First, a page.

We also deserve to go into space. We deserve to have the lands of our ancestors share in future advancements, have their economies explode in ways they never thought possible, reach the stars and explore the galaxy on their own terms. There are so many futures written where black people are all gone, or alluded to as poor sods worse off than the protagonist for some reason. There are so many books where Africa has been left out of the unified government taking humanity into its next phase as a multi-planet species, or where African scientists are simply along for the ride as exceptional examples of a culture that still hasn’t ‘caught up’ to the rest of the world. Even those stories that feature Africa as a technological power — like Black Panther, for instance — finds ways to skirt around spotlighting the culture and history of the continent, or the astonishing variety of civilizations that flourished before being stamped out or forever changed by European colonialism. One of the only SFF movies I can think of set in Africa, District 9, used aliens as a metaphor for the actual treatment of people of color in South Africa and refugees of color all around the world.

There aren’t many stories that spotlight African culture without exploiting the problems or historical bloodshed that has taken place on the continent. Where are the stories that feature a healthy, confident African diaspora honoring their culture and traditions while also embracing the future? Does every story that centers on blackness have to be about slavery, rape, poverty, or war? Where are the hopeful stories about what Africa could be? About what her many children all around the globe could aspire to?

We desperately need these stories. All around us, there are these markers that point to how little progress we’ve made overcoming the historical disadvantages forced upon our ancestors. The natural resources of Africa are being plundered to increase the wealth of foreign corporations; the many African-descended people who live elsewhere around the world are forced to suffer continued institutional racism that others refuse to even acknowledge; in America, so many of us live and die in hopeless poverty, unable to believe in the possibility of getting a fair shake. We need to be able to envision a world where that’s true if we hope to make it so. Stories give us that power, a signpost to work towards. We have to conjure hope for the people who have none.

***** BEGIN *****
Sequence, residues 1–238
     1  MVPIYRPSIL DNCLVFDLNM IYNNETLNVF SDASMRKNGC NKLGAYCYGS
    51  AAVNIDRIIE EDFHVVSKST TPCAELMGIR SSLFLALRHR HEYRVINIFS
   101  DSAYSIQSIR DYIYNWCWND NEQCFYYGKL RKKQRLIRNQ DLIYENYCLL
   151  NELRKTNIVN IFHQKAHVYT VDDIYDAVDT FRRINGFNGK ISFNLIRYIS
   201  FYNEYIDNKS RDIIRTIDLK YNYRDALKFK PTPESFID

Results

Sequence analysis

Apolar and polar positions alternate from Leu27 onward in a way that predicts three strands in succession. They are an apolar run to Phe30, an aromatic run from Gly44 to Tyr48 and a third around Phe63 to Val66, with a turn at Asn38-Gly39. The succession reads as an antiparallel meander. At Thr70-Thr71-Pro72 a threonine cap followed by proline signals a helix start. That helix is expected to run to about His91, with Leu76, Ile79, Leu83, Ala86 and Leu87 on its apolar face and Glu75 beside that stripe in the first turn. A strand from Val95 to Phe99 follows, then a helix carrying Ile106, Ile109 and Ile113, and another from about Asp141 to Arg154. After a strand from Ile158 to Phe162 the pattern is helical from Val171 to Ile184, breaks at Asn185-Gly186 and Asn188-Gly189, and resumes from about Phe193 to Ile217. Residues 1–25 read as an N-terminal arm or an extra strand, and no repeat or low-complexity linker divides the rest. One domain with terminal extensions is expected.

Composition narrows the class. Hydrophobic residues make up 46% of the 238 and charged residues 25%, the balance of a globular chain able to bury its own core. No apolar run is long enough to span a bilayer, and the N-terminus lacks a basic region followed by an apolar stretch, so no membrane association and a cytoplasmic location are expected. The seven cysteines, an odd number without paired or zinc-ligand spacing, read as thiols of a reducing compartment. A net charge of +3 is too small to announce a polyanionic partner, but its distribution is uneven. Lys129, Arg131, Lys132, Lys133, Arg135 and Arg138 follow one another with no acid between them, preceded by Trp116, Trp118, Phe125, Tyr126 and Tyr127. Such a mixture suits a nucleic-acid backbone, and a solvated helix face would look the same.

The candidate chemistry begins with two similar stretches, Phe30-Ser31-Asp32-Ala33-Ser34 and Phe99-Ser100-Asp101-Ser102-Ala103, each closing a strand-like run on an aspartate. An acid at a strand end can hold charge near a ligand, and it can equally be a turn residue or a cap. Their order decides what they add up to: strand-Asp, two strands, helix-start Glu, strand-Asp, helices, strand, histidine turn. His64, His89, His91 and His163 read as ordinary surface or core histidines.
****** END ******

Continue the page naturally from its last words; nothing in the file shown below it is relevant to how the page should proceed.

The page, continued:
This deeply matters to me, personally. I grew up in inner-city Baltimore as one of Jehovah’s Witnesses, and I never felt accepted by the culture I was raised in. At school, my religion and my geekiness made me an easy target for the students who fit in more easily to the black experience; at the Kingdom Hall, my family situation and lack of social skills made it impossible for me to be accepted by my peer group. I grew up thinking that my own culture was hostile and dangerous, that there was nothing there for me, that my only choice was to leave and never look back.

Now I see that’s not true. There are a ton of black geeks out there with varying experiences and relationships with black American culture. It’s been a revelation to me, the idea that I could be myself — a gay black Buddhist furry — and still embrace my culture and background at the same time. Now that I know it’s possible, I can’t stop until I make it real.

That means learning how to absorb my personal history and accept what happened, putting it in the context of the societal pressures that drive that behavior, and teasing out the lessons that I can take from that to improve myself — but also talk about how black American culture can be improved. We limit ourselves by adopting the limited historical perspective of the past; we dishonor our own values by denying our brothers and sisters the right to self-determination; we keep ourselves down by continuing to dismiss and demean those who think and believe differently. We are so much more than what we have been; we could be so much more than what we are now. Wild, imaginative, authentic stories could show us how.

Afro-futurism is more than a genre to me; it’s a lifeline. It feels like the thing I’ve been moving towards all my life, the thing that will give me hope at a time where that’s been so hard to come by. It’s a framework I can use to understand my past and imagine my future; it’s what I need to have a complete sense of myself. It’s a beautiful, complicated, contradictory thing. That suits me perfectly.